The commission will be headed by an executive chairperson to be appointed by the President on the recommendation of the National Council of State, subject to the confirmation of at least two-thirds majority of the National Assembly.
Other functions of the commission include discouraging persons, institutions, political parties and associations from advocating or promoting discrimination or discriminatory practices through the use of hate speeches; promoting tolerance, understanding and acceptance of diversity in all aspects of national life and encouraging full participation by all ethnic communities in social, economic, cultural and political life of other communities.
It is also to plan, supervise, coordinate and promote educational and training programmes to create public awareness, support, and advancement of peace and harmony among ethnic communities and racial groups.
But the planned law is already eliciting criticism from some quarters.
Former vice president and presidential candidate of the Peoples Democratic Party (PDP) in the February 23, election, Atiku Abubakar, cautioned the Senate against promulgating the anti-hate speech bill into law.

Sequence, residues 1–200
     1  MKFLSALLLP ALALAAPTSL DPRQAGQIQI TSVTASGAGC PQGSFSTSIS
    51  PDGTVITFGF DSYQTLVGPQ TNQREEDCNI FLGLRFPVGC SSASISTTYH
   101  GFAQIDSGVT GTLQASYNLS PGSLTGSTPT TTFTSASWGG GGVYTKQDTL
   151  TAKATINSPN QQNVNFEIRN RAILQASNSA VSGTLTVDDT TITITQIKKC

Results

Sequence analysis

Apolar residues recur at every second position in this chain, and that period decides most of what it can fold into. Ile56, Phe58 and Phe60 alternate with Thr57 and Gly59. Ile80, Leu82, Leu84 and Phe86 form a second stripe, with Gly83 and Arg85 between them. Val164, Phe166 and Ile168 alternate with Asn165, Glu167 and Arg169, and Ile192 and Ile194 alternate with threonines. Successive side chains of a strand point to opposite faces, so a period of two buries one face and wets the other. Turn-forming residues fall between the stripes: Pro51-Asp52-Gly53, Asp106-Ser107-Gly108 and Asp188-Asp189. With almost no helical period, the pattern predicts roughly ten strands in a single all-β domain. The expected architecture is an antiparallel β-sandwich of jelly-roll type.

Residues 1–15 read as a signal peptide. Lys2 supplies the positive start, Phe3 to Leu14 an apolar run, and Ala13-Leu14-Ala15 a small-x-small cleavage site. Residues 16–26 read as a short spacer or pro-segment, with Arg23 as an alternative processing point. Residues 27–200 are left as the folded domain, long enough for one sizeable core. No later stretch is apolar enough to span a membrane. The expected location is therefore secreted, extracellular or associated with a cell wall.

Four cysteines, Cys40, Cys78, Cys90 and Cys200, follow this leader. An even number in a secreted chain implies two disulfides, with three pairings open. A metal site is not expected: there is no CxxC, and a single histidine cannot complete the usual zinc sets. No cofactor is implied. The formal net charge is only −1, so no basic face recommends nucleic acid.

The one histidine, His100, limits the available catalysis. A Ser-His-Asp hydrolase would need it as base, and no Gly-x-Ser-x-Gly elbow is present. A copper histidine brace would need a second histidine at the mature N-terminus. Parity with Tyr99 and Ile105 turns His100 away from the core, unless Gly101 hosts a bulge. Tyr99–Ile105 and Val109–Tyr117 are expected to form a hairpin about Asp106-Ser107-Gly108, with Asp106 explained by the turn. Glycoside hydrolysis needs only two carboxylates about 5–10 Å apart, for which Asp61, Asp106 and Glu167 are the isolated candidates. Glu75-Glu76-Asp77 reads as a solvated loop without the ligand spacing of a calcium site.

In a statement by his media Adviser, Paul Ibe, yesterday evening, Atiku noted that those now toying with the idea of an anti-hate speech bill, with punishment by death should exercise much caution.
“The contemplation of such laws is in itself not just hate speech, but an abuse of the legislative process that will violate Nigerians’ constitutionally guaranteed right to freedom of speech.
“Those behind the bill should wake up to the fact that Nigeria’s democracy has survived its longest incarnation because those who governed this great nation between 1999 and 2015 never toyed with this most fundamental of freedoms. It is prudent to build upon the tolerance inherited from those years and not shrink the democratic space to satisfy personal and group interests” he advised.”
Chieftains of two socio-cultural groups particularly kicked against the plan to establish an agency for hate speech.
They urged Nigerians to resist every attempt by the Senate to aid the enclosure of the open space and turn Nigeria to a full-blown dictatorship.
Specifically, Yinka Odumakin, spokesman of the pan-Yoruba socio-cultural organization, Afenifere, said the Senate was aiding and abetting full-grown dictatorship in the country by wanting to take away the right of speech.
“The Senate is now behaving truly like a rubber stamp assembly. Of all the problems confronting Nigeria today, all they can be doing is to be thinking of establishing an agency for hate speech and the death penalty for offenders.
“What constitutes hate speech? It is a subjective interpretation according to the whims and caprices of those in power, so all they are trying to do with this bill is to cow people to submission and propose for execution those who disagree with the way the country is being run.